Companies that embrace diverse hiring practices enjoy several key benefits. The numbers speak for themselves. Research revealed that a truly diverse work environment results in innovative thinking, better job candidates, and increased profitability.
Nevertheless, these benefits are just the tip of the iceberg.
Companies with a diverse workforce are twice as likely to meet and exceed financial targets. An inclusive culture also allows companies to be six times more likely to anticipate change and respond effectively.
Diversity directly impacts employee engagement and productivity, particularly among millennials. A report stated that 83% of millennials said they would engage their organization more if it had an inclusive culture.
You would think that these findings were enough to overhaul the approach to human resources. However, it is apparent that the incredible value of diversity and inclusion alone cannot change biases. What is needed is genuine self-reflection and the desire for genuine change.
Take Time to Learn About Diversity and Inclusion
Before you can apply diversity, you have to first define diversity. Diversity in the workplace means having a group of different people based on gender, religion, race, generation, sexual orientation, and much more.
Diversity and inclusion refer to almost the same thing. One company sums it up as “diversity is the mix of people; inclusion is getting the mix to work well together.”
To leverage the advantages of diversity, senior leaders have to change the intentional and unintentional biases of hiring and promotion.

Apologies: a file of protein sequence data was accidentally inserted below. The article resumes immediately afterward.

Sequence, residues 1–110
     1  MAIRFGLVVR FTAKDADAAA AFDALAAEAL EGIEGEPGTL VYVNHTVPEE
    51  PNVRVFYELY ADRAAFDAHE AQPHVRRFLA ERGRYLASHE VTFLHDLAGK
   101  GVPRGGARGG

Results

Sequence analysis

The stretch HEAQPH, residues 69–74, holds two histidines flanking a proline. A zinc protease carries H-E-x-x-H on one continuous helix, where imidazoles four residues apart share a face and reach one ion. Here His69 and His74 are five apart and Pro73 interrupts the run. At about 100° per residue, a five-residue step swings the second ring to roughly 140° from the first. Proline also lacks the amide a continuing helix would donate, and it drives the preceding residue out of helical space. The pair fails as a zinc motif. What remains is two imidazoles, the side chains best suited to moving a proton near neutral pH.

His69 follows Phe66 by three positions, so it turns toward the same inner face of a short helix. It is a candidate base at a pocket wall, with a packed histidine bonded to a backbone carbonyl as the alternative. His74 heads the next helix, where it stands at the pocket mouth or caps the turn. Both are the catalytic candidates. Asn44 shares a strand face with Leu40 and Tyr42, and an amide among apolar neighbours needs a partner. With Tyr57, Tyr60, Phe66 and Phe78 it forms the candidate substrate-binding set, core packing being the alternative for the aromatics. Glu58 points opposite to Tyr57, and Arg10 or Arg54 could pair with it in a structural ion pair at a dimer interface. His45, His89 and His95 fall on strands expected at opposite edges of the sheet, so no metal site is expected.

Put Diverse Employees in Leadership Positions
Making diverse employees visible and ranking members of an organization helps change the biases that have become ingrained in company culture. Homogeneous organizations are limited by their narrow composition, missing out on fresh perspectives and the competitive advantages it brings with it.
A phenomenon known as “intentional invisibility,” where women take a risk-averse approach that avoids conflicts to navigate unequal workplaces, should stop.
As more women and other minorities get promoted to leadership positions, they should gain the authority to apply their inherent strengths to company management.
Empower Women and Minorities
The first step to empowering women and minorities is to be transparent about diversity and inclusion programs. This includes asking about the work experience of women and calling out “mansplaining,” a real barrier to a truly inclusive culture.
Closing the pay gap is another clear sign that shows a company is committed to diversity. This tangible step shows sincerity in rewarding the important contributions made by women and other minorities.
When you reward employees equitably, you can motivate them to bring even more to the table.
Expand your Definition of “Diverse”
To boost diversity, you must go beyond the simplistic view of gender and racial diversity. A diverse team is composed of people of different ages, appearances, religions, sexual orientations, education, and political beliefs.
Diversity also encompasses different values, motivations, personalities, passions, and culture.
Diversity is about celebrating differences. If you do not know where to begin, you can start by considering a personal difference you may have. If this difference can affect the way individuals relate with one another, then it is worth considering in your diversity and inclusion efforts.